However, displacement is still occurring today in modern day Atlanta in many ways other than road construction. One major cause of displacement is the removal of public housing in Atlanta. The HOPE VI public housing program aimed to reduce concentrations of poverty by providing mixed-income housing, but often ended up demolishing public housing without connecting existing residents to new housing. This action resulted in similar displacement patterns to that of interstate construction. 

Gentrification, which goes hand-in-hand with a lack of affordable housing, is another cause of displacement. Property values have shot up throughout the city, causing an increase in rent and property taxes which forces out many poorer residents. Today, many people struggle to find affordable housing in Atlanta and are often pushed to the suburbs, particularly to the south of the city. Rental prices tend to be cheaper in those neighborhoods, but there is also less access to jobs and transportation. “If you get displaced south where the rental costs are cheaper, then you also are farther removed from work, and you’re also farther removed from public transportation to get to a job. – Those areas are drawing families, impoverished families in particular. You also end up with areas with school systems that are not as good, and it can lead to a kind of replication of the cycle,” Dr. Lee stated.  Displacement is an ongoing problem in Atlanta that did not end when the interstates were completed.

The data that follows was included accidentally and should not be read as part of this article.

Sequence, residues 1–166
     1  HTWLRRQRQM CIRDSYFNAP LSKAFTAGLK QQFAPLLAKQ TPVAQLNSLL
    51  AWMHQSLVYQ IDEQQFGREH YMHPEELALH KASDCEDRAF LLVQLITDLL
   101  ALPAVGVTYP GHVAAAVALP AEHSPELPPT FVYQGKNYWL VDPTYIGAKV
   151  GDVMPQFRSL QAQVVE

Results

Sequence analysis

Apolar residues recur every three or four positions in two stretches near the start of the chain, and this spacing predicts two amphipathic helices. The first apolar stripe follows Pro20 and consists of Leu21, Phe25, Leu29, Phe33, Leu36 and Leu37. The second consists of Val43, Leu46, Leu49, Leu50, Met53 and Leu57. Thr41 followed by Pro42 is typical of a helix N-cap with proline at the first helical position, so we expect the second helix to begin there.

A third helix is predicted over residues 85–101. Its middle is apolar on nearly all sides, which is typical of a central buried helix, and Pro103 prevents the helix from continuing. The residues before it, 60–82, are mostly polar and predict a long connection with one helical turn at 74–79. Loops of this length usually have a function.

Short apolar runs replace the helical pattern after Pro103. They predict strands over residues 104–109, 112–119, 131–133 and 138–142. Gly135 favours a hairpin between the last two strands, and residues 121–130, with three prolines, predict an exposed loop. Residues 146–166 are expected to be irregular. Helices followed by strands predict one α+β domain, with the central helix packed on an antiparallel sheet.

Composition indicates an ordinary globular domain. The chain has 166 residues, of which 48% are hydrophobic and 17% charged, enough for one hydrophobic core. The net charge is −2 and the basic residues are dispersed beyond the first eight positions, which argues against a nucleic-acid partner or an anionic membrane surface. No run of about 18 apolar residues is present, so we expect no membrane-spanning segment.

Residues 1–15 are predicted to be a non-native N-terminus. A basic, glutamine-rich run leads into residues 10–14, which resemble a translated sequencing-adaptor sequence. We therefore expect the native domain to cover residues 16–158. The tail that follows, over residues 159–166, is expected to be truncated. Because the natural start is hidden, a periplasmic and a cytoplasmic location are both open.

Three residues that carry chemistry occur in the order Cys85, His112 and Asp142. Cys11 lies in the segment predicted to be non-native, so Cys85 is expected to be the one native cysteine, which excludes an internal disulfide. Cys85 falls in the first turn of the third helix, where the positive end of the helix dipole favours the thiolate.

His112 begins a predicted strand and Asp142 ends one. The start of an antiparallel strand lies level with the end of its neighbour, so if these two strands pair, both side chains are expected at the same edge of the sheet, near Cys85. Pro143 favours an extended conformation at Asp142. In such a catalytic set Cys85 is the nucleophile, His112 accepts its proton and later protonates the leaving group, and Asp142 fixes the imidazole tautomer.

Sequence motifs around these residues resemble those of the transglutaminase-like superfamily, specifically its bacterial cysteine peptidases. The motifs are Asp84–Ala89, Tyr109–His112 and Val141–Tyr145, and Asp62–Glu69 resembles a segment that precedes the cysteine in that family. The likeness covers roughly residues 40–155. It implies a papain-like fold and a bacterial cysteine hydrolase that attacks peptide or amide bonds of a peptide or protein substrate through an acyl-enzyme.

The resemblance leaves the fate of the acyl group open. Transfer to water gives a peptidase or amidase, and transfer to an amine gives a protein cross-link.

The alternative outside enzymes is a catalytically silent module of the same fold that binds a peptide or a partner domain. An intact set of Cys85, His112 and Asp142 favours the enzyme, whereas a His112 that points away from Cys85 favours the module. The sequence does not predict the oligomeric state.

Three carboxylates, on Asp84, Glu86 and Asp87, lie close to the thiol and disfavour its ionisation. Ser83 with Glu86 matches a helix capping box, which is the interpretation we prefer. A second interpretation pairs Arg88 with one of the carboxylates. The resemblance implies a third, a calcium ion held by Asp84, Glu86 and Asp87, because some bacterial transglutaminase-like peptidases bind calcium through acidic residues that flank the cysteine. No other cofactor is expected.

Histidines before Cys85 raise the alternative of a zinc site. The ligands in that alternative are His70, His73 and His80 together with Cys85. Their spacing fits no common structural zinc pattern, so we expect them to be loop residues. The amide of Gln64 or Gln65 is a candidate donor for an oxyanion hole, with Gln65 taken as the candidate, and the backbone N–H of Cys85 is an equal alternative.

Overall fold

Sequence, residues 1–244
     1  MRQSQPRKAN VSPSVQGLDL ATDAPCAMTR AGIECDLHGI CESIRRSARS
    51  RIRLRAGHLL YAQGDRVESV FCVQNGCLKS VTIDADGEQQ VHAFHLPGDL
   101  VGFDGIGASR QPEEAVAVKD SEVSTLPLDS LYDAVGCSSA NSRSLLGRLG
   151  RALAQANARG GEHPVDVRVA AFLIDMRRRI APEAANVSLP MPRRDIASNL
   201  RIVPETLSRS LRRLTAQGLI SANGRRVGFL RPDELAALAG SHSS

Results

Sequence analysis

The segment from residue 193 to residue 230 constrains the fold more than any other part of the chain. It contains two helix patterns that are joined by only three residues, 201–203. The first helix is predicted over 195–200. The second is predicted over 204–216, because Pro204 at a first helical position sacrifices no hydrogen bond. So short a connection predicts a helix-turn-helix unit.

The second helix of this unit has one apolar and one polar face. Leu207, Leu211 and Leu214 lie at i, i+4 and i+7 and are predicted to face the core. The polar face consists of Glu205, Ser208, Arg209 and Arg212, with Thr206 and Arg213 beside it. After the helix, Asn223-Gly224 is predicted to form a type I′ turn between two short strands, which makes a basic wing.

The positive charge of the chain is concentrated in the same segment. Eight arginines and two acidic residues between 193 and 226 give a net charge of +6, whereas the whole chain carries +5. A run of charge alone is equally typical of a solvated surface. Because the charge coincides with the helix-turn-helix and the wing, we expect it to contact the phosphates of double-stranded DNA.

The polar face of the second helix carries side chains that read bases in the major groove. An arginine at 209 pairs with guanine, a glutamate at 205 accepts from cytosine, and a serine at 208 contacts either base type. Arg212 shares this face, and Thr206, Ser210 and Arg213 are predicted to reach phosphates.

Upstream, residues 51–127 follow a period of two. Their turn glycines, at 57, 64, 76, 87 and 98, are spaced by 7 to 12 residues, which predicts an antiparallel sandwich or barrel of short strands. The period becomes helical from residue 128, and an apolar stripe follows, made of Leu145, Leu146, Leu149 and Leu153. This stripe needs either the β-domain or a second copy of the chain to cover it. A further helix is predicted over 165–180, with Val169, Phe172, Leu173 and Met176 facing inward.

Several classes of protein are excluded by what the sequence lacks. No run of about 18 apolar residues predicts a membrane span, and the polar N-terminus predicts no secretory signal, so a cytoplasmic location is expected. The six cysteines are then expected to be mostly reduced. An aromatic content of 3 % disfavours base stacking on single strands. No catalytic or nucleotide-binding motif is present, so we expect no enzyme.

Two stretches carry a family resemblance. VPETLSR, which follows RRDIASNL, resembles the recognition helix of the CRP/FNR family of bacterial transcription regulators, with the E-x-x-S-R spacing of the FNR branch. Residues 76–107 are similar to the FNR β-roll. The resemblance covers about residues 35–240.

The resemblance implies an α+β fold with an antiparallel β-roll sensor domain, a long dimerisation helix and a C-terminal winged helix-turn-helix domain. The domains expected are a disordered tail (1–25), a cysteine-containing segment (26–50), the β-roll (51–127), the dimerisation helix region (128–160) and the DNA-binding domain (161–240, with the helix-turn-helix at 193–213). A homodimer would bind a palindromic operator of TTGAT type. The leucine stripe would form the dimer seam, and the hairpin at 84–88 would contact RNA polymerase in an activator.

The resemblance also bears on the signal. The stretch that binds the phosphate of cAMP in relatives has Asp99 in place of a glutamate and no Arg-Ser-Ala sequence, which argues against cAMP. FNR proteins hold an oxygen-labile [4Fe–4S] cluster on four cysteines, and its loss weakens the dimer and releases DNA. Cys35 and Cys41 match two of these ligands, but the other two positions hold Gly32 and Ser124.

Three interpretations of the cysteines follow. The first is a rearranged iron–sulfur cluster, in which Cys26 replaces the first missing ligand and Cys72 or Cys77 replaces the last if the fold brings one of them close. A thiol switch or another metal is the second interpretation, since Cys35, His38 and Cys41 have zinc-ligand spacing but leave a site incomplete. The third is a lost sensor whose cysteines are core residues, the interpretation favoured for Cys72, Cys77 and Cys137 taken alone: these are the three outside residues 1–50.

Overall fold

The negative, and often intentional, effects of interstate construction are not unique to Atlanta. Similar scenarios have played out all across the country, and the same is true today for displacement as a result of lack of affordable housing and gentrification. It is important to remember that many injustices of the past still exist in some form today. In 1957, Mayor Ivan Allen coined the phrase “A City Too Busy to Hate,” to describe Atlanta. During the next 10 years, white flight was reaching its peak and planners tried to use I-20 to intentionally segregate Black and white neighborhoods. Even if progress has been made, there is often still work to be done.